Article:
Tech industry warming up to diversity
Having faced sexism, one woman believes the tech industry is changing
In the past 30 years, she has been uninvited to staff meetings, been underpaid and even doubted herself because she was a woman in the male-dominated technology industry.
But Ms Elissa Fink, an American linguistics graduate-turned-technophile, never regretted joining the IT line, despite experiencing sexual bias over the years.
Speaking to The New Paper on the changing roles of women in the tech space, she said: "Over time, I stopped holding myself back and wondered whether I should speak up.
"Sometimes it is easy to fall into a victim mentality, but it takes courage to put yourself out there and adopt a solution-oriented mindset, focusing on what you can contribute to the company.
"And that I did."
Today, Ms Fink, 53, is the chief marketing officer at US data visualisation firm Tableau - which reportedly has over 54,000 customer accounts worldwide - and said the tech industry has become more inclusive.
The working mother, who is based in Seattle and married to a real estate agent with whom she has two adopted children aged four and 11, made a brief stop in Singapore last week to visit her colleagues at Tableau's branch here, after a conference in Japan.
Her foray into the technology industry began when she joined US market research firm Claritas as a marketer almost 30 years ago, having previously worked in advertising for the Wall Street Journal.
"I was fascinated with data and how you could use it to study behaviour. Plus I'm a Microsoft Excel junkie, and I love spreadsheets.
"So even though I studied liberal arts, I have an interest in technology, particularly in data analysis," she said.
She went on to work for US tech company Ixi before being offered a job at Tableau in 2008.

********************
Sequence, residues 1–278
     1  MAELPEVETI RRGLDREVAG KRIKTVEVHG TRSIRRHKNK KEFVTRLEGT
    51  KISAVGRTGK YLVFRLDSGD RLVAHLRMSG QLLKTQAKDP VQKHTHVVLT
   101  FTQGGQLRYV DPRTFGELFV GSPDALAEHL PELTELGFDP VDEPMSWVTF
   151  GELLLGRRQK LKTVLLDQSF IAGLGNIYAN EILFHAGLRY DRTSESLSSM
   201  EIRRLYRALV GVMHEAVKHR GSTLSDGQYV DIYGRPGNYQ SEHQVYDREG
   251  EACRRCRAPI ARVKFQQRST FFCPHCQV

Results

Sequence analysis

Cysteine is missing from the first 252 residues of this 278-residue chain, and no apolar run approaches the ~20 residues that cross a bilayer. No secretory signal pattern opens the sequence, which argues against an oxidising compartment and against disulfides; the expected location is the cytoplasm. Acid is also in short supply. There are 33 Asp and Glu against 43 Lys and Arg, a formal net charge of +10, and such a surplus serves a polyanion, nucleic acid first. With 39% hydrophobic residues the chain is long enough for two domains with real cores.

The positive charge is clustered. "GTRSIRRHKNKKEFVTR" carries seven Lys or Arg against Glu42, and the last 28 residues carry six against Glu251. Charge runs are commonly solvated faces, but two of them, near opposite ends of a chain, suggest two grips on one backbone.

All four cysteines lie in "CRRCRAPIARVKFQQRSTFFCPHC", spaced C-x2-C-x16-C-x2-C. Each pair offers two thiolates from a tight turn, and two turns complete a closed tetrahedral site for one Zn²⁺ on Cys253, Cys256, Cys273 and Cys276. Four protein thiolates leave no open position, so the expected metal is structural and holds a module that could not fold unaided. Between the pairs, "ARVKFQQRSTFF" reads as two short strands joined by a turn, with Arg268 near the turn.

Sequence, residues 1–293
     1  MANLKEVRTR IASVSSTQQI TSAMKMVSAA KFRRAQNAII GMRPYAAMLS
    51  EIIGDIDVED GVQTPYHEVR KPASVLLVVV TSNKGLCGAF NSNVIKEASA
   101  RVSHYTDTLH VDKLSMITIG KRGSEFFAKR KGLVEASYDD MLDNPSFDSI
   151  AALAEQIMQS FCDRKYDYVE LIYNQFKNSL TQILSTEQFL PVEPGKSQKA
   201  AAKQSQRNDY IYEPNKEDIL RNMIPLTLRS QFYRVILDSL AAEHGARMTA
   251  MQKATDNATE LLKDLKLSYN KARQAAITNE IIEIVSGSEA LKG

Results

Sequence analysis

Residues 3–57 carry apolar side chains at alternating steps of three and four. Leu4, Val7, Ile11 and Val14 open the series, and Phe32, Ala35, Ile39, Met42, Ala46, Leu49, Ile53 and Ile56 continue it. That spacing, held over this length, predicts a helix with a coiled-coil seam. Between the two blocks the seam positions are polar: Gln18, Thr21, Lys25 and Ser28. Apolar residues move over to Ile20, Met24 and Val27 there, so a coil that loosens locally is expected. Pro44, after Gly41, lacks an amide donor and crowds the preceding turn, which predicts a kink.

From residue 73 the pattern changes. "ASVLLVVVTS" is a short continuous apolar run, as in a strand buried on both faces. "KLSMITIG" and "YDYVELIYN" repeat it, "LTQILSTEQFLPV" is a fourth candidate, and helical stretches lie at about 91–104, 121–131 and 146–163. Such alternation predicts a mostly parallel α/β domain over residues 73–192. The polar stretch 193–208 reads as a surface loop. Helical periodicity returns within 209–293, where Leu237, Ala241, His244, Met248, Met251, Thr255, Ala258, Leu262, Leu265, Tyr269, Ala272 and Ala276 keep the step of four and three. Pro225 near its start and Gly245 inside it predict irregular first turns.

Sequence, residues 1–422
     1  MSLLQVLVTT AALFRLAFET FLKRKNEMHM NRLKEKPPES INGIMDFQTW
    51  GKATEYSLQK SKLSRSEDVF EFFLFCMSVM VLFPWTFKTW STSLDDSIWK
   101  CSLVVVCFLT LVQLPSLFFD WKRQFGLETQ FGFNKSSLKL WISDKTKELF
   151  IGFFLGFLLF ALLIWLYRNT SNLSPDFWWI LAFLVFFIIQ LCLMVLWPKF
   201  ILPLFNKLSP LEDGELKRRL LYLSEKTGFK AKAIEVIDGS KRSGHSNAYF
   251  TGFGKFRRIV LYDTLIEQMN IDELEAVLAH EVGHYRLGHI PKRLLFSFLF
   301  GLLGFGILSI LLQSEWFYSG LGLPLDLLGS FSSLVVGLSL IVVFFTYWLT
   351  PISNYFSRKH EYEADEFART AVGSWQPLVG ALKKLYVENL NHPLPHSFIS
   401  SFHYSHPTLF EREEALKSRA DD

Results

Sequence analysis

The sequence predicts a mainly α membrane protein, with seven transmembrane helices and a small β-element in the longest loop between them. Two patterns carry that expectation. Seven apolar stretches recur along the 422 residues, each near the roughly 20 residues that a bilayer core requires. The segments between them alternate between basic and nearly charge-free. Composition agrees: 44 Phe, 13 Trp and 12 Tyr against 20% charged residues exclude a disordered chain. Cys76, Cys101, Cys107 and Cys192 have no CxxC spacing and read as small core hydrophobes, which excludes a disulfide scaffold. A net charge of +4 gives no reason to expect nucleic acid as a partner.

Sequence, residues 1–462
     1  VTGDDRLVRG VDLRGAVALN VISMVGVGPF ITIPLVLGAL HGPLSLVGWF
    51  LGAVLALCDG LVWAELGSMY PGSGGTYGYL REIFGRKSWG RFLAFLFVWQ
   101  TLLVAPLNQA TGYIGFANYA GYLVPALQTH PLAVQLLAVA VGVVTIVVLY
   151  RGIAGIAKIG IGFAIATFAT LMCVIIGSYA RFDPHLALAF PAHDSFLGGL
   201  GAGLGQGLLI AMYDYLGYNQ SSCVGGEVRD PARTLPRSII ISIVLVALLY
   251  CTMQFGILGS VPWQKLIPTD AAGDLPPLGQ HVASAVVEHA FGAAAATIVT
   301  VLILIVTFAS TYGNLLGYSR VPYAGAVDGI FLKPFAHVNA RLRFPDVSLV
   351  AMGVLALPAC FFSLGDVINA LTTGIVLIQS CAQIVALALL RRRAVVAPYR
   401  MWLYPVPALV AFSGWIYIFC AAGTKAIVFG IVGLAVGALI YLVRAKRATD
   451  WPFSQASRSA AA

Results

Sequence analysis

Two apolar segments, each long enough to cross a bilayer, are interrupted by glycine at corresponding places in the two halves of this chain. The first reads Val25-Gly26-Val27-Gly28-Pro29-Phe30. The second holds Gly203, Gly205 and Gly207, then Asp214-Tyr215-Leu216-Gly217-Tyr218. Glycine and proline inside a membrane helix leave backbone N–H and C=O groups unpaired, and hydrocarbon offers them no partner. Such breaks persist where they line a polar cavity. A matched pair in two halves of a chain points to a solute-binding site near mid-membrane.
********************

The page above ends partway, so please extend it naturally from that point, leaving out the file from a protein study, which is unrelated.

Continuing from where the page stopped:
But her journey did not come without challenges.
Ms Fink recalled: "I had an employer who hired females just so he could underpay us, and I have been, intentionally or unintentionally, uninvited to meetings.
"I grew up in a traditional Italian family, and I have five brothers.
"So growing up, I thought I should behave a certain way and know my place."
But the technology industry has become more accepting of diversity today, she said.
"Companies now recognise talent. They are starting to look at people for what they can contribute rather than their sex, race or background," she said.
She also encouraged more women to join the technology industry, especially those who have an interest.
She estimates the number of women in the technology industry to be about 25 per cent, with most of them taking on roles in marketing, sales and human resources rather than the engineering side.
"I do hope the number of female engineers will go up, and it will as more young people are studying sciences. Hopefully we will see a more even ratio of men to women," she said.
She added that it has become easier to juggle career and motherhood, thanks to the supportive corporate culture at Tableau.
"They are very accommodating with the hours and we are allowed to work from home, if necessary, with the focus on the results we produce instead of the number of hours put in.
"I hope more companies will recognise that the traditional work week no longer exists, and we can be more flexible.
"Companies have a huge role to play in creating an environment where everyone feels included," she said.